Instrumental rock is a tough sell. It's hard to sing along with, for starters. (What I am supposed to do with this hairbrush, brush my hair?) And it's often boring, a film score without the film. But Australia's Dirty Three do it right. Really right. Violinist Warren Ellis is like Jethro Tull's Ian Anderson without the flute and the ren-fair tunics (and, of course, the singing)-all shambling madman with crazy eyes and messed-up hair and guitar-hero chops and poses. Drummer Jim White and guitarist Mick Turner provide him with elegant, restrained romance for backdrop. By all means, see them live if you get the chance. Here, in this Pitchfork video [...]


Difficult Listening Hour, with Seth Colter Walls: The Pleasure Principle

So what purposefully counter-intuitive music article raised a lot of question marks for you yesterday?


Philip Glass Live, Steve Lehman Covers Coltrane, 'Black Radio,' And New Music from Anna Clyne

Philip Glass “may well be the Rossini of his century,” the critic, composer and scholar Kyle Gann wrote—back in a previous century. That analogy, he went on, was a useful way of thinking about the prolific minimalist, who “had an electric impact on the masses but only a portion of whose music seemed worthy of study by intellectuals.” This was the case, Gann added, despite the fact that “much of Glass’s best music has been underrated by disappointed former fans who have ceased to listen closely.”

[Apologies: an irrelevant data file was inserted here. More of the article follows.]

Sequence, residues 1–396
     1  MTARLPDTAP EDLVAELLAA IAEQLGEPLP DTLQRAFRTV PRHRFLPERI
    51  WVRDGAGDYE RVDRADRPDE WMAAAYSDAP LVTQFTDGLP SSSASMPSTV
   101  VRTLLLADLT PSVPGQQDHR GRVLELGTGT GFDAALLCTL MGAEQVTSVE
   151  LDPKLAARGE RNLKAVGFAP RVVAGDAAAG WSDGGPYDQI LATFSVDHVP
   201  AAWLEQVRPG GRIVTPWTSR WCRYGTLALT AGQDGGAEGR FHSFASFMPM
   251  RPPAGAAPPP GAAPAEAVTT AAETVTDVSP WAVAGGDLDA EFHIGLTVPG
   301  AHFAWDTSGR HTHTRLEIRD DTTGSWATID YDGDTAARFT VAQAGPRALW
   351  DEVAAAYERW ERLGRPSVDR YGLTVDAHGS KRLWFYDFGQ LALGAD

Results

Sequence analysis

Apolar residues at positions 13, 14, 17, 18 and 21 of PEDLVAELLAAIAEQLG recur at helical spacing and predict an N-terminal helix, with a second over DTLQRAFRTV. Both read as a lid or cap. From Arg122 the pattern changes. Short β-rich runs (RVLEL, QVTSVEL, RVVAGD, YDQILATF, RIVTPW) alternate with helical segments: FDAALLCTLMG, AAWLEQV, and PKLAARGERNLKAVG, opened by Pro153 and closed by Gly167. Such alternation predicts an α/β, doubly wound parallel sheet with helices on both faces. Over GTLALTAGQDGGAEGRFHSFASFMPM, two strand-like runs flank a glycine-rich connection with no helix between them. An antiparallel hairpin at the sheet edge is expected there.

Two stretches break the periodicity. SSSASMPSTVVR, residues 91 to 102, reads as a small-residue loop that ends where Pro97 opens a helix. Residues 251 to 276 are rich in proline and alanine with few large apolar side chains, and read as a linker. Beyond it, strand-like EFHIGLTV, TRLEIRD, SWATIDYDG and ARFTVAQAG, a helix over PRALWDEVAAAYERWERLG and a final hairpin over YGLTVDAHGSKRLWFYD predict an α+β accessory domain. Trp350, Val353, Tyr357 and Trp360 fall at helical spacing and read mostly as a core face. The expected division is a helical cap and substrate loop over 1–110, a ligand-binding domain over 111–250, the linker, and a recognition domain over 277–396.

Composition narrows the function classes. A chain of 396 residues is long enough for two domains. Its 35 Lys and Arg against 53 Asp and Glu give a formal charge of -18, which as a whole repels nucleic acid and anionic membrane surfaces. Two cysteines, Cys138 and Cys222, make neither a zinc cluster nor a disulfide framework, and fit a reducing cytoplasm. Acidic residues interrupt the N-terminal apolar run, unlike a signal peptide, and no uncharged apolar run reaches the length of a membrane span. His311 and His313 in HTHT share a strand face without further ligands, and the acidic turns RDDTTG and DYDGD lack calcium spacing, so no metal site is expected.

Intellectuals that can’t bother to listen closely: so problematic! If any among their number wandered into the Park Avenue Armory last Saturday to [...]


Just Ten Bucks! We Want To See You Tonight at Carnegie Hall

American culture is rotten to its core. Not only is Natalie Portman pregnant-while-not-married, but there is such a thing as "public television" and also a thing called the National Endowment for the Arts. If only we could convince the last remaining holdouts that mass culture is the only proper artistic reflection of a democracy, they could all join in on making endless japery from the outputs of a serial woman-abuser who is equally popular on both network television and Twitter! Then it might be, if not quite morning in America, something other than twelve strokes to the dead of midnight.

Yet that is where currently find ourselves. [...]


Difficult Listening Hour: An Introduction to Laurie Anderson